The Health and Safety Executive has a regulatory intervention plan for every underground mine in Great Britain, no matter whether it is still active or whether it is there for heritage and tourism purposes. That reflects the specific inherent hazards of mines and their previous health and safety performance. Those that bear the greatest risk and have the poorest record receive the most attention. Inspectors base their regulatory interventions on those plans, which are proactive.

I understand that the Scottish Parliament has tabled a motion to mark Workers’ Memorial Day—I do not know whether the hon. Member for Livingston will table a similar motion in this Parliament—on Friday 28 April, which affords us another opportunity to remember all of those who work in these important but dangerous industries, and to pay tribute to what they do and to those who have lost their lives.

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I wonder whether at this point the Government representative could try to recall that those same miners that we are talking about, many of them the sons of miners who went down the pit, were the very people that the previous Tory Prime Minister, Mrs Thatcher, called “the enemy within”. We are talking about all those people who lost their lives, including the 81 in Creswell in my constituency who were consumed by flames and had to be locked in—they could not get them out—and the 18 people who fell down the shaft to their death at Markham colliery in Derbyshire. They were the same people that the previous Tory Prime Minister called “the enemy within”. I think at this moment it would be right and proper for this Government to say that that was not the reality about these people who went down the pit day after day. Surely this is the time to say so.

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I hope that, in what I have said today and what I will go on to say, I have paid tribute to those people. My maternal grandfather was a miner. I have spoken about the hazards that people face in that and other professions. Without their service the country could not continue its industrial projects. We owe them a great deal. On the politics of these matters, the hon. Gentleman and I would probably disagree, but the purpose of the debate is to pay tribute to those who work in these professions and to remember those who lost their lives at Burngrange, in particular, and in other disasters around the world. I am sure that that will not have satisfied the hon. Gentleman—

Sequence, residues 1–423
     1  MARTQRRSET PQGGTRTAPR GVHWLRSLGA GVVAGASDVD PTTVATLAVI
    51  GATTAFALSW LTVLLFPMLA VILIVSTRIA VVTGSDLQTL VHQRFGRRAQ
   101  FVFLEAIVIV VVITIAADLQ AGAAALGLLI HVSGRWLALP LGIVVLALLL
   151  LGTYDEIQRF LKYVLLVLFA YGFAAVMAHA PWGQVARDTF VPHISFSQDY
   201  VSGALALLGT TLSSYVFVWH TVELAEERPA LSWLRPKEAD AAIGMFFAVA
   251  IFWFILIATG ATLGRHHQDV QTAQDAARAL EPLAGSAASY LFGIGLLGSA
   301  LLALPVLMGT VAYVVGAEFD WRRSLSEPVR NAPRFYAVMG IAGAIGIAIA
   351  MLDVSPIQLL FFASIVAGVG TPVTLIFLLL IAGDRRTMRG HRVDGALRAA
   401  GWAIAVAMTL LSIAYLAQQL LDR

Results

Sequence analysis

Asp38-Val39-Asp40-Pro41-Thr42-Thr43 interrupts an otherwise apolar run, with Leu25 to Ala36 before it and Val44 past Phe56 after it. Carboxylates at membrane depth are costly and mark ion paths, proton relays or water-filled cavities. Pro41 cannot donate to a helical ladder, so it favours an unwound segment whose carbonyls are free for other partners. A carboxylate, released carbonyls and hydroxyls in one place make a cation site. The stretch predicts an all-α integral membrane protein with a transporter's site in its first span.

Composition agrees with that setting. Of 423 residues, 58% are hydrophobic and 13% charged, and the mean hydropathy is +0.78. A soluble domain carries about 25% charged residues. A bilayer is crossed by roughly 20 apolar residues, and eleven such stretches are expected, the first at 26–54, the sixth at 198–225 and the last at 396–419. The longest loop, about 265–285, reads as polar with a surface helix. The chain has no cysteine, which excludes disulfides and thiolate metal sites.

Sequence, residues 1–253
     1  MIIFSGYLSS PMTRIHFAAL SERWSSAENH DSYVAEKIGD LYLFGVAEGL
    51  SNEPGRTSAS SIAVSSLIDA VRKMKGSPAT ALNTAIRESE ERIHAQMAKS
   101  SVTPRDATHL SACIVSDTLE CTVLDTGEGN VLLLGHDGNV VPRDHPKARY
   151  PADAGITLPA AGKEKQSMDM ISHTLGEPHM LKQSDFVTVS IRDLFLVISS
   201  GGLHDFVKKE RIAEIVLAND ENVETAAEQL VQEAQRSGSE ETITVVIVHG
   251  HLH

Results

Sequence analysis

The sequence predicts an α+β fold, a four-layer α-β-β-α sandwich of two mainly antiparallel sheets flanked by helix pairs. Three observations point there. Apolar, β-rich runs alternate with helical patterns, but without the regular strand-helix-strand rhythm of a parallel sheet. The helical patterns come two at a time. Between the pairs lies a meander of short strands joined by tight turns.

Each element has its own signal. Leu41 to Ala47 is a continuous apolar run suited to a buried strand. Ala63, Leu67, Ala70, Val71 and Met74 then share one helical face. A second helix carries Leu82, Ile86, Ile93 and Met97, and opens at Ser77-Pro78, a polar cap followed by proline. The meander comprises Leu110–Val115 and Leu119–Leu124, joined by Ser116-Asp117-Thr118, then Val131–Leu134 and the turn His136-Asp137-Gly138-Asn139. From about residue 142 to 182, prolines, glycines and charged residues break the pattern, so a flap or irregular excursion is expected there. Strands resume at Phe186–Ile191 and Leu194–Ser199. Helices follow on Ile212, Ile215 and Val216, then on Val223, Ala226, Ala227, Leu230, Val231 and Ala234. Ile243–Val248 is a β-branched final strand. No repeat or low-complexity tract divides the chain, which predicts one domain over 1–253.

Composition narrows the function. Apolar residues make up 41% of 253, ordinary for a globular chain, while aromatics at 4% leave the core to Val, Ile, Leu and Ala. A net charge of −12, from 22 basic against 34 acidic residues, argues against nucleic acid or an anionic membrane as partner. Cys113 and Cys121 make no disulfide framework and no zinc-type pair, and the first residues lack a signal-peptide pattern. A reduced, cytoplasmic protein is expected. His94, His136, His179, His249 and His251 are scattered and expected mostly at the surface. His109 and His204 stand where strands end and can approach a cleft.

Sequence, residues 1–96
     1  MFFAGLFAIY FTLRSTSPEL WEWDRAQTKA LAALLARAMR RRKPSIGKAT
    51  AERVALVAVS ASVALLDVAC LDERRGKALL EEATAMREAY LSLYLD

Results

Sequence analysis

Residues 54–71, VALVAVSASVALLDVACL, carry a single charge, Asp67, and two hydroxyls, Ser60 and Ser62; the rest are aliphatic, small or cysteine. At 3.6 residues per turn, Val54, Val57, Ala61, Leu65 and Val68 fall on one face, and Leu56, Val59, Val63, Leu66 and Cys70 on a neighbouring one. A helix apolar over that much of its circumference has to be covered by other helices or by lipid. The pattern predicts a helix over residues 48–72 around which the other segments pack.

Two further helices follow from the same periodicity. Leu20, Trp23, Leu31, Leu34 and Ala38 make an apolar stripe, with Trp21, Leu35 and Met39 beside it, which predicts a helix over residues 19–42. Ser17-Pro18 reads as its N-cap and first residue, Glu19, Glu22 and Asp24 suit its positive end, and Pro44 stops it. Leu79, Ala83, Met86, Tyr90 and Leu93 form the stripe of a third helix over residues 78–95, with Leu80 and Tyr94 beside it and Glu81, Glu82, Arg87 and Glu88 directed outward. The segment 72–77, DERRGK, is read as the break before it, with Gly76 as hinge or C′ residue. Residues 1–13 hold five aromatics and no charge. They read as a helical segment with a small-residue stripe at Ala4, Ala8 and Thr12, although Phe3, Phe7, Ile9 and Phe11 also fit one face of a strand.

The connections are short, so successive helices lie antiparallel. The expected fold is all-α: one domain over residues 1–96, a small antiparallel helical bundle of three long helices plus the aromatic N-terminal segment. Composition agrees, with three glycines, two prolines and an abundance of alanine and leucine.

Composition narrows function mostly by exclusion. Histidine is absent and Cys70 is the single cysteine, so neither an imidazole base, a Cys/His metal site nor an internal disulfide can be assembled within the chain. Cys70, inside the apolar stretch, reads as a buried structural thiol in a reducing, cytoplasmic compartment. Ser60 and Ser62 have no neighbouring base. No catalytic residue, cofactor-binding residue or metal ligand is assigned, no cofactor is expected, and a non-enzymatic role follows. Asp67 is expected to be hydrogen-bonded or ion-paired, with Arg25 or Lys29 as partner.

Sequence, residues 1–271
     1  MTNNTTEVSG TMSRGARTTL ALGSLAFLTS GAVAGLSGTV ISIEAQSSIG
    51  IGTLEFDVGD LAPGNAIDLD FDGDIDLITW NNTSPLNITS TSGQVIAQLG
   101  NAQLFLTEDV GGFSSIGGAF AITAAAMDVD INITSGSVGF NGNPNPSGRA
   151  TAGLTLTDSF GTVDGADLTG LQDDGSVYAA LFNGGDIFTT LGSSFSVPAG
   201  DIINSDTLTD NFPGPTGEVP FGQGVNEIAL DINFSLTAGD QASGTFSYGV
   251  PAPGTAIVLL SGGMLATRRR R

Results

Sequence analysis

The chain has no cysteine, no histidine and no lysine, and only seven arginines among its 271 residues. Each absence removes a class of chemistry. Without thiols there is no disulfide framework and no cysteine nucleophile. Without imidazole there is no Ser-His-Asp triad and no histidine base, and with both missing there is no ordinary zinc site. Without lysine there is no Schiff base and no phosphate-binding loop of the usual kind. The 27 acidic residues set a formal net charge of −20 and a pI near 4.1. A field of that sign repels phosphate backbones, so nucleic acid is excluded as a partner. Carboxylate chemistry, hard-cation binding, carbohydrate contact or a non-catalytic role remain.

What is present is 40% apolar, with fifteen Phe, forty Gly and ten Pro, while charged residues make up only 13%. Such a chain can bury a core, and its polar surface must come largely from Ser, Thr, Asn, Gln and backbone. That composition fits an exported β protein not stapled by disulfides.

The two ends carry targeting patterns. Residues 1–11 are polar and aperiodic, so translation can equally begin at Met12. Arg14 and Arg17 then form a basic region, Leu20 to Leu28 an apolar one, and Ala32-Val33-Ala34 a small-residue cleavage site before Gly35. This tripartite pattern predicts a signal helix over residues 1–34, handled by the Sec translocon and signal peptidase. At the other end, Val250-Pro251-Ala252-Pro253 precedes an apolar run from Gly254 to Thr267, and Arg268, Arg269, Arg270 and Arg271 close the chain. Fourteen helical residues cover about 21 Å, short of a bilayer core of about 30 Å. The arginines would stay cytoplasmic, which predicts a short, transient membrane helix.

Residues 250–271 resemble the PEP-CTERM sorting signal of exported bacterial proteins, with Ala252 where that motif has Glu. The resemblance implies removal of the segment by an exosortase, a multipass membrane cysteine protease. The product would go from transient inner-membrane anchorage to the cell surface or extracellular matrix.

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No, because you won’t—

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I will move on to the other points that the hon. Member for Livingston has raised. Quite rightly, she touched on what Departments can do through their policies to encourage good practice, and to encourage other countries to take health and safety as seriously as we do. In my Department, which is responsible for the Health and Safety Executive, considerable opportunities come with the HSE’s ambition to export its good practice, and that is important. I will certainly ask my counterparts at the Department for Business, Energy and Industrial Strategy to write to the hon. Lady about specifically how it is developing its energy strategy to take into account the very valid points that she raises.

On the matter of regeneration for affected communities, I may be in danger of agreeing with the hon. Member for Bolsover (Mr Skinner). One thing that was not done well in the past was securing the regeneration of areas where industries on which entire communities had depended were collapsing. Where that happens, swift intervention and investment are required.

One of the privileges of my first ministerial post in the Department for Communities and Local Government was working with local enterprise partnerships on getting particular investment into such areas. Part of the recipe for success in rebuilding those areas was mining heritage. Many projects, whether they were about creating business parks around energy or creating a tourist offer, would come back to an area’s mining heritage. That ties in very well with the important points that the hon. Lady has made about heritage. We need to remember that heritage and give it the status that it should have as part of our nation’s history. I will also ask the Department for Communities and Local Government to write to the hon. Lady to update her on the specifics of the growth funding that has gone into former coal mining areas.